Exploring advent - and its mission significance
Israel Olofinjana looks at how the various gospel accounts describe the birth Jesus, and what it means today
As we begin to count down towards Christmas, it is important to reflect on the season when Jesus was born. This is traditionally known as Advent from the Latin word adventus, which was translated from the Greek word Parousia. Parousia describes the coming of Jesus, but it also means presence and signifies the presence of God with us. The New Testament writers, while they did not use the word advent because they were primarily writing in Greek and not Latin, talk about the parousia of Jesus in two stages.
Star-lit night, Newsham, RGB Stock
The first stage was his birth and the ushering in of God’s kingdom on earth. The second is when he will come again and begin the end. I want to focus in this article on the first coming of Jesus.
The various New Testament writers describe this coming in different ways. Matthew tells us he was born of a virgin, interpreting and applying Isaiah’s prophecy in Isaiah 7:14. Matthew went further to tell us how significant Jesus' birth was by the visit of the Magi, who in some traditions are regarded as Kings. They brought gifts to Jesus, all of which are very symbolic in terms of his ministry and mission as the Messiah.
While Matthew was weaving the birth narratives explaining it in relation to the Old Testament, Luke on the other hand, appears to be describing the coming of Jesus in terms of political history. Luke was the one gospel writer to mention there was a census that led to Jesus' family going back to their home town of Bethlehem. In addition, he mentioned the political powers of the day, grounding the birth of Jesus in historical context.
Luke, however, had more than a historical Jesus in mind as he mentioned that this Messiah was actually born in a horse’s stable, the lowest of low places and an unlikely place for a King to be born. This contrasts Jesus with the Caesars or the Herods who were Kings ruling from a vast palace.
Luke also tells us that some classless group of people came to visit Jesus. These were the shepherds, the commoners in those days. The choir of angels appear to have organised the first carol service for them in order that they might go and see Jesus!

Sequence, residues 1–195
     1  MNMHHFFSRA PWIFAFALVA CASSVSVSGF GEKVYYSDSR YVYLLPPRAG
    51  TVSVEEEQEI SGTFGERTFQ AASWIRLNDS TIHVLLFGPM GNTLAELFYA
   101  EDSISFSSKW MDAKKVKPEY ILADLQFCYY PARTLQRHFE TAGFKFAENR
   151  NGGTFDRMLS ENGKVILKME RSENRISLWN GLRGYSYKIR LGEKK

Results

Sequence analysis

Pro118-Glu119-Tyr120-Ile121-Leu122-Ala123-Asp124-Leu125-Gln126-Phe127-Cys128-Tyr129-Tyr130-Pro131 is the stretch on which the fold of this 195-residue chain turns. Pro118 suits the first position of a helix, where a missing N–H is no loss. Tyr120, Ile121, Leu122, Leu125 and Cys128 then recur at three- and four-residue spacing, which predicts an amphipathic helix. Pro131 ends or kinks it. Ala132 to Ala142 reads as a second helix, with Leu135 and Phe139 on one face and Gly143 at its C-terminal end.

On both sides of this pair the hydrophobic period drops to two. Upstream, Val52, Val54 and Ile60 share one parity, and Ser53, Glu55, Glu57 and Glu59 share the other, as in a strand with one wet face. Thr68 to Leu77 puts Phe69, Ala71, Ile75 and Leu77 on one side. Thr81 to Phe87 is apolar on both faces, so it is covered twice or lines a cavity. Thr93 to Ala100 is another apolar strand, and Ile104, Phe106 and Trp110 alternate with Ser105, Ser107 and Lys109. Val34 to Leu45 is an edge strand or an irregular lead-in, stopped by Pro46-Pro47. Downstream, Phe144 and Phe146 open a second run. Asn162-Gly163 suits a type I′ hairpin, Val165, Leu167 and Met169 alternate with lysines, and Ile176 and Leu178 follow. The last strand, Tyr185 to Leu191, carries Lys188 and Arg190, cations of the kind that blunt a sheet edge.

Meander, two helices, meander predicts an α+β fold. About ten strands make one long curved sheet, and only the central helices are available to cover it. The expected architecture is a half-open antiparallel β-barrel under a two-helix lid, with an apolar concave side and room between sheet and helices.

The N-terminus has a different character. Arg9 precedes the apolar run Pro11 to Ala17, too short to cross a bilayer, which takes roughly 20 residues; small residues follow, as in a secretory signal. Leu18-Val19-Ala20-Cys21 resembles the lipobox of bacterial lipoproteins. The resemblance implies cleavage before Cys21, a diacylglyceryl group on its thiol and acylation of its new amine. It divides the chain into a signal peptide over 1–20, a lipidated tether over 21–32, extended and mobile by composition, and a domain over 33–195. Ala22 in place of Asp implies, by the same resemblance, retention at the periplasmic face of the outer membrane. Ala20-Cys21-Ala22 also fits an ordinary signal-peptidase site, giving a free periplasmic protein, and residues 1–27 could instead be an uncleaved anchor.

While Matthew and Luke explain Jesus' first coming in terms of his birth, Mark and John appear to skip this birth narrative. Mark started his Gospel with an introduction of Jesus as the Son of God, followed by the ministry of John the Baptist bearing witness to Jesus’ identity as the Messiah.
John follows a similar path, but also examines the origins of Jesus before he was born as a child. This beginning of Jesus, John asserts, is the beginning of God (see John 1:2). While John would have been aware of Jesus birth stories, he did not preoccupy himself with that as he wanted to demonstrate that Jesus was eternal before his birth. He also appears to clarify perhaps some confusion around who the Messiah was - Jesus or John the Baptist - by explaining that John came to bear witness to Jesus.
The climax of John’s understanding of Jesus' coming was his description of Jesus becoming human and living with us, like one of us (John 1:14). This is usually regarded as the incarnation, that is, God becoming human.
I want to suggest that the church continues the first advent or coming of Jesus as we have been charged to continue the mission of Jesus (Matthew 28:18-20). In fact, it is continuing this mission that will lead to the second stage of Jesus coming.
The big question is how does the church continue to make Jesus human to our neighbours, work colleagues, friends and families so that they can at least touch his humanity and feel that he is real? For this to happen, we as Christians must first of all be human and real to people. We cannot afford to adopt some form of heavenly language that does not touch on real life situations that people face, or live a lifestyle that says something different from what we preach.
People are looking for real people, so let's keep it real this Christmas so that Jesus can once again become (or continue to be) human!
The Revd Israel Olofinjana is the minister of Woolwich Central Baptist Church and Director of the Centre For Missionaries from the Majority World